And boy, is she ticked off.
Eurayle controls minds (did I mention that? No? Well, she controls minds.) Starbuck remaining behind with her on Scavenge World was the price she exacted for letting the Galactica and the ragtag human fleet free back in issue #14, so she's understandably a little peeved that the starbuckin' one broke that promise and escaped.
All panels are from Battlestar Galactica #20 (October 1980), written and penciled by Walt Simonson, inks by Klaus Janson, coloring by Steve Oliff, lettering by Diana Albers
She attempts to mind-control Apollo (really, who doesn't try that trick?), but with the help of some handy space-rope, Starbuck's prepared for that emergency:
It's a space-stalemate! In the show this would be a great moment for a commercial break and then that dramatic bum-bum-ba-bum ba-ba-bum bum bum bum bum bum bum bum music accompanied by special effects we've seen one bazillion times since the pilot, but Simonson zips us right along to a parlay on one of the shuttles where Eurayle tries to play the same card as before: surrender or die:
Apollo, of course, has a plan. He always does, doesn't he? It would be several years after Battlestar Galactica disappeared from the airwaves before British pop duo Pet Shop Boys made their first appearance on the charts, but the crackerjack team of Apollo and Starbuck neatly anticipate the lyrics of one of their most famous songs: I've got the brains, you've got the looks. Yes, Apollo and Starbuck are the Tennant and Lowe of the space lanes, and don't let anyone tell you any different. Oh, and that plan? Why, only a little eeny-weeny fight...
...to the death!
Yeah, that's what I'm talkin' about.
So here at last is the fight portion of Friday Night, and if it helps you to get out your Stu Phillips LP of the Battlestar Galactica soundtrack and cue it up to the track "Cylon Freighter/The Trap," why, you're in a perfect mood to see Starbuck and Eurayle, in spacesuits, tied together, bashing each other's brains out with space-hammers:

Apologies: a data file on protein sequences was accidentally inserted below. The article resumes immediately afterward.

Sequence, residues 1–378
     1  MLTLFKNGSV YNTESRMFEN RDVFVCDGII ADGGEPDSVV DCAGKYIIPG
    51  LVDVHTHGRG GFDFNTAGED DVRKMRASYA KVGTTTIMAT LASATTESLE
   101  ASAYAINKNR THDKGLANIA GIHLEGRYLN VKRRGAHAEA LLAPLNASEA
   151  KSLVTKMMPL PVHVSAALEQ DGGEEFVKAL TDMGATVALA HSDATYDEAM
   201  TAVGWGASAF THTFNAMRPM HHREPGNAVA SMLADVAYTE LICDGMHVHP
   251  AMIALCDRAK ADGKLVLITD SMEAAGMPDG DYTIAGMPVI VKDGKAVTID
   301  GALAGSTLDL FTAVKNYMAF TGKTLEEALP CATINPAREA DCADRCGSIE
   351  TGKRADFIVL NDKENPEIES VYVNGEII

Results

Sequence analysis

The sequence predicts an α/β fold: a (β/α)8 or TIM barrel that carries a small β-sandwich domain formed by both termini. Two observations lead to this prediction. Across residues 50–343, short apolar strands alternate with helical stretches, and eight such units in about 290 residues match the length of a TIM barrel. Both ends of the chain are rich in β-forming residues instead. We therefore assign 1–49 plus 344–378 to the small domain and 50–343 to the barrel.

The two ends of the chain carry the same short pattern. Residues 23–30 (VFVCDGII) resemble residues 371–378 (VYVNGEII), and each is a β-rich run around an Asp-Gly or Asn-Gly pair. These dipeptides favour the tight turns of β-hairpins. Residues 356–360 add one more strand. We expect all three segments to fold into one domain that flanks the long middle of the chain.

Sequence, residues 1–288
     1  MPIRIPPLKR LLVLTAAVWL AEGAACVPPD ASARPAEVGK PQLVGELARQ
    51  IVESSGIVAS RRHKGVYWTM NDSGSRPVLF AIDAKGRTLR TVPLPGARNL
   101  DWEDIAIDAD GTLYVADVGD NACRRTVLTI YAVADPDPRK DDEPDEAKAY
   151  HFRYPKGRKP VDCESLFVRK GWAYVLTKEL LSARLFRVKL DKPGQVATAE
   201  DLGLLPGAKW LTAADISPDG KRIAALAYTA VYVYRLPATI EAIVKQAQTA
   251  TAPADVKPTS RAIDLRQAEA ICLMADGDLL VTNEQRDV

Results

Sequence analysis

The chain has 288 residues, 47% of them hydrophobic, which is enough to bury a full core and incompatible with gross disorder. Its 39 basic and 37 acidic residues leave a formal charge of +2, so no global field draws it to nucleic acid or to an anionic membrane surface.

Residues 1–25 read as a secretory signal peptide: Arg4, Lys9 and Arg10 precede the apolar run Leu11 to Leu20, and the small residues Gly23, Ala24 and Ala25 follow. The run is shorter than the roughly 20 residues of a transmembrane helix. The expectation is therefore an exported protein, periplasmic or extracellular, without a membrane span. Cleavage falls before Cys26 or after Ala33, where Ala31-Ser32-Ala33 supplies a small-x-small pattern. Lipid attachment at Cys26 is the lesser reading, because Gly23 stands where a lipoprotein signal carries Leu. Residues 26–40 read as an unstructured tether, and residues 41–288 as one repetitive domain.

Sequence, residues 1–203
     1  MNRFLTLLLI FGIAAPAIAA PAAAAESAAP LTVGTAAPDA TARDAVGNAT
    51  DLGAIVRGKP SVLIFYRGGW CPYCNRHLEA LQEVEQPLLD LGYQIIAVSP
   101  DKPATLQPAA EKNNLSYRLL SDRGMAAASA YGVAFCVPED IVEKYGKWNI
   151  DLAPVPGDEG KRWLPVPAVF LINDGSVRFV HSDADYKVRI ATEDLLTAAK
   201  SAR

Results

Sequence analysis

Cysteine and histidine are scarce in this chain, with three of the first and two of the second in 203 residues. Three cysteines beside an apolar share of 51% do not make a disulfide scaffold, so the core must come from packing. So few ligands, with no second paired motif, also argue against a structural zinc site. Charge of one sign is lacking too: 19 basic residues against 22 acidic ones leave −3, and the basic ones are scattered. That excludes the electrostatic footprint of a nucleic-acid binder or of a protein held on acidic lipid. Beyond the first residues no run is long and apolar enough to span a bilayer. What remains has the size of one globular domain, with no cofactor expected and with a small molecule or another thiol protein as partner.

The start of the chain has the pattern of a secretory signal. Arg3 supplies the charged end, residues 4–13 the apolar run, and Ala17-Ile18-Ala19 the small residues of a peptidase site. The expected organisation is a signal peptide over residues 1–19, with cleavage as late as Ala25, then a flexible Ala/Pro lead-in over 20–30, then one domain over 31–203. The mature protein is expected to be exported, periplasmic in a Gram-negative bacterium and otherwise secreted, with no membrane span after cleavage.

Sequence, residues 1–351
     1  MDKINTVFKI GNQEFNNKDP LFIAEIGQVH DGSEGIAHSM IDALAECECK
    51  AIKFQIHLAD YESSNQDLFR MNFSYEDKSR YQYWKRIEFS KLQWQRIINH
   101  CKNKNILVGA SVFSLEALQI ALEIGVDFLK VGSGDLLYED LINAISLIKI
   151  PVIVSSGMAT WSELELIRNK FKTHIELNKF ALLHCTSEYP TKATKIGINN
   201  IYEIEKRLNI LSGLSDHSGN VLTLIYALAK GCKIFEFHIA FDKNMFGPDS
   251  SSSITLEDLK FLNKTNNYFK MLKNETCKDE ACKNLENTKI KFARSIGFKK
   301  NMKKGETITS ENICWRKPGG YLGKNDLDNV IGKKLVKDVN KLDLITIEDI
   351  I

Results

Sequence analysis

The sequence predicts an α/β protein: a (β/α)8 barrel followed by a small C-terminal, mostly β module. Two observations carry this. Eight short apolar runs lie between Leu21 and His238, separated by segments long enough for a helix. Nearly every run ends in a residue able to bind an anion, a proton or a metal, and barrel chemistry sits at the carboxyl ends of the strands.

Just like a retired Musketeer, Starbuck draws first blood...er, air...
...while Apollo and Eurayle's hulking green henchman watch...
Oh, and then, Eurayle wins.
But Starbuck's okay, right? This isn't the end of the fight...?
Starbuck dead and her honor satisfied, Eurayle prepares to leave, but not before pitchin' a little woo at Commander Adama's favorite (surviving) boy:
So. That's a bummer, isn't it? Walt Simonson works hard to get Starbuck back, and inside 17 pages, he's dead and...
Ah ha! Starbuck and Apollo have been watching "Amok Time!" Clever, clever little leather-clad Colonial Warriors, ain't they? Walt leaves us with the suggestion that Eurayle was in on the con all the time, going along with the battle just to save face in front of her people:
There's a lovely little funny moment just at the end that's pure Dirk Benedict/Richard Hatch:
And then, cue the Stu Phillips orchestra, bring up the special effects, and Lorne Greene fruitily intones in the dulcet voice that sold a billion cans of Alpo: "Fleeing the Cylon tyranny, the last Battlestar, Galactica, leads a ragtag fugitive fleet on a lonely quest: a shining planet known...as Earth." (Bum bum bum BUM!)
Nowadays you kids have it so good: your Warriors with first names and your sexy, sexy Cylons: we had Jonathan Harris and socialators and comic-relief robot
(Bahlactus believes that that life here...began out there.)